By Gina Morton
Two Valley universities and a medical center will use $333,000 in federal economic stimulus funds to train health professionals, conduct studies and purchase science equipment.
A project that allows undergraduate students at Bucknell University to develop devices to properly deliver medications to patients — under the guidance of Geisinger Medical Center officials — is one of three Valley health care, education and labor initiatives to receive funding under last month’s stimulus package.
New science equipment and studies at Susquehanna University, and a pilot program for treating post-traumatic stress disorder at Geisinger, are additional projects that were selected, according to U.S. Sens. Arlen Specter and Robert Casey Jr., both of Pennsylvania.
The Bucknell-Geisinger initiative received $143,000 to train health professionals.
Dave Myers, chief of staff at Bucknell, said the partnership with the hospital has been in place for two years and the money will allow the program to grow.
The undergraduate biomedical engineering program is new, Myers said, but is becoming one of the best in the country.
“Students in the program take on projects with the guidance of people at Geisinger to work on medical devices and things,” he said. “This money will allow us to enhance the program a bit by treating broader internship opportunities for undergraduate students to work with people at Geisinger on developing those design projects and taking it to the next stage.”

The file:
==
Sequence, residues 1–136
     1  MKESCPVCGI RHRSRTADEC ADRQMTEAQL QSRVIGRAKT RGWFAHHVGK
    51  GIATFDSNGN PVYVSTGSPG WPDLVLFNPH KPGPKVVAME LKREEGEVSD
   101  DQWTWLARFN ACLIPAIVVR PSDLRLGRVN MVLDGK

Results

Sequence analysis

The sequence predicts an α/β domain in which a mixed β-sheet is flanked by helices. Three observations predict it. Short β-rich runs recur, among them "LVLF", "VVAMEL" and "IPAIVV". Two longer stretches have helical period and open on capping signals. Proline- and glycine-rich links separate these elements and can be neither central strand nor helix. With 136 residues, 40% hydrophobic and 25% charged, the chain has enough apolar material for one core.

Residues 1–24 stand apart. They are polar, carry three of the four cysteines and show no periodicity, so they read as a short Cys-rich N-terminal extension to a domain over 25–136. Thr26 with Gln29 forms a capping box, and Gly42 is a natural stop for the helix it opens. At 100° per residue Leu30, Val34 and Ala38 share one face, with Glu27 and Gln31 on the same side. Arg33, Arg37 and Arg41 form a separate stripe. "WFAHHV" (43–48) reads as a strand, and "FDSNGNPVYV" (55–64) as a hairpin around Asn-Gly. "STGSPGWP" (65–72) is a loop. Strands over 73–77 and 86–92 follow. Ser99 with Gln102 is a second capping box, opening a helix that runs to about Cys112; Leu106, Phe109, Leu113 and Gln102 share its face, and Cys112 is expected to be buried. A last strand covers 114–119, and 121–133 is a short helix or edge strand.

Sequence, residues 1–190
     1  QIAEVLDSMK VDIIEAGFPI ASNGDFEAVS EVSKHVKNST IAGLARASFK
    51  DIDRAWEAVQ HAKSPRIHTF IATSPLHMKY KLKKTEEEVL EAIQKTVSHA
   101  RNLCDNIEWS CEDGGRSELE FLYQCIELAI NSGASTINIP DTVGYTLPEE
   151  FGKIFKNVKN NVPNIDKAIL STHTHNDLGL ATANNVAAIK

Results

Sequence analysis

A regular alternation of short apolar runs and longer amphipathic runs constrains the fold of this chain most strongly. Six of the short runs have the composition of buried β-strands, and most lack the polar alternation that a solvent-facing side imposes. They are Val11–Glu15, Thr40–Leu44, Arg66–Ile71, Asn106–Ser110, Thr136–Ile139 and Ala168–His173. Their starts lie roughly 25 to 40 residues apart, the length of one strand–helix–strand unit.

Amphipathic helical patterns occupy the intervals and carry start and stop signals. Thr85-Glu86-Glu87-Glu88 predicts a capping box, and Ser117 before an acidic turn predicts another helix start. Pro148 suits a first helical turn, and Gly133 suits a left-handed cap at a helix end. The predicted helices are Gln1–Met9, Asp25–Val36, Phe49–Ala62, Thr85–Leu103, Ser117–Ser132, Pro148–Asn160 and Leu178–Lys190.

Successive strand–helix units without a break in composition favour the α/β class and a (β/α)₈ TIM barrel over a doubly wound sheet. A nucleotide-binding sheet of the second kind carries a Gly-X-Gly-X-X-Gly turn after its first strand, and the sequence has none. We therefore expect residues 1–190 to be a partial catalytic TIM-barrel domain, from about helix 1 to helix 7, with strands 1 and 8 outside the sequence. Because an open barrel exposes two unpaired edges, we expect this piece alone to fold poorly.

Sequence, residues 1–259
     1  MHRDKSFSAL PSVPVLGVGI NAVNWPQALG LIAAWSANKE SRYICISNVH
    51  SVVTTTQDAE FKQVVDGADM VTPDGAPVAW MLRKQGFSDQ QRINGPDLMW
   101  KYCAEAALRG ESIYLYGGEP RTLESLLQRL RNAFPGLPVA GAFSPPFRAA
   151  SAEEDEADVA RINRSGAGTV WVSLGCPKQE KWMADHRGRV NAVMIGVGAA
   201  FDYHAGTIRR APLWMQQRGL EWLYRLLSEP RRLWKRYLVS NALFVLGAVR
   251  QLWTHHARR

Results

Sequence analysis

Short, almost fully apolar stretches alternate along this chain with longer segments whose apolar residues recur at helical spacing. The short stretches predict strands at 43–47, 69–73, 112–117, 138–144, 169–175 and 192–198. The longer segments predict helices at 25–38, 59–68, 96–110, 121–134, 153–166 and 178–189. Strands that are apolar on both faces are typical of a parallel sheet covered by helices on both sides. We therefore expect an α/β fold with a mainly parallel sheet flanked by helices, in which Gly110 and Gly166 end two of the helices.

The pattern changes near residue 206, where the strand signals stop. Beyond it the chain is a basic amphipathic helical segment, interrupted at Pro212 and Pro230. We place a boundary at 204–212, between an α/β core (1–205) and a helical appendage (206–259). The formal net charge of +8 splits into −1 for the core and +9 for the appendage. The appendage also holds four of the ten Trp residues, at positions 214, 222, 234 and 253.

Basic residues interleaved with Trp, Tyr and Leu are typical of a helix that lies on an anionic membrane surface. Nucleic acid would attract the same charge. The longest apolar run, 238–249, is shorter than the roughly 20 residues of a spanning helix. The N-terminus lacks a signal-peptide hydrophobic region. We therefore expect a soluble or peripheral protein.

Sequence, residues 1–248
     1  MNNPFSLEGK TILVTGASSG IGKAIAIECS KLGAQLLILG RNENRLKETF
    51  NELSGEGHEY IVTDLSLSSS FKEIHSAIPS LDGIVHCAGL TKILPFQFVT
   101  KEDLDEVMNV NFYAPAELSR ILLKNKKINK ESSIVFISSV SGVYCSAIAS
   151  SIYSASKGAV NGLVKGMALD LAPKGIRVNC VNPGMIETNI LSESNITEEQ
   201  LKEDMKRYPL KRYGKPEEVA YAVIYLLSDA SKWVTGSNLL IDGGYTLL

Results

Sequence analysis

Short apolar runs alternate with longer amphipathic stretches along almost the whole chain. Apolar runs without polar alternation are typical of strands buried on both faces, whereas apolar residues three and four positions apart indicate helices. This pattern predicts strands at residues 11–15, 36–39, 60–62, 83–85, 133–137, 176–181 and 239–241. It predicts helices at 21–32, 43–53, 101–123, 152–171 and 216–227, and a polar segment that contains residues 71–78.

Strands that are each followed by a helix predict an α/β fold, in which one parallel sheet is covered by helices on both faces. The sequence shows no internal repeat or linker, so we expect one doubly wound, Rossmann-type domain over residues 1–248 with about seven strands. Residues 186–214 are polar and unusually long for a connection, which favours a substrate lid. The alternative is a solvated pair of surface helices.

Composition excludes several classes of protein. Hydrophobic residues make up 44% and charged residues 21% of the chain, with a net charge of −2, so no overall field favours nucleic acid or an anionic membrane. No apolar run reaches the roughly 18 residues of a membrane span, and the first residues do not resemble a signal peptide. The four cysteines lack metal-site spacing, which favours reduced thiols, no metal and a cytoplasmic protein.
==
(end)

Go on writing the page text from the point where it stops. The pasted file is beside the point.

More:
One project, Myers said, involved students improving methods to ensure a correct dosage of medicine is given to patients with specific times and sequences taken into account.
This is the first time the program has received federal funding. It has received state money in the past.
“We’re very excited,” Myers said. “It builds on a good partnership and exciting opportunities for students.”
Additionally, Geisinger received $95,000 to pilot and test the Reaching Rural Veterans Initiative, a model for identifying and caring for combat stress injuries and post-traumatic stress disorder in returning veterans and their families.
“We recognize the critical contributions our veterans have made, and we want to do our best to make sure they have access to the care they need,” said Justin Walden, a hospital spokesman. “As part of this program, we will be working with primary care providers to identify returning veterans who may need mental health or behavioral counseling. We will then be working with our own clinics and hospitals, the VA and other regional providers to best care for these veterans.”
Susquehanna University has been allocated $95,000 to purchase science equipment that will expand learning and research opportunities for students and faculty.
A spokesman from the university could not be reached for comment.
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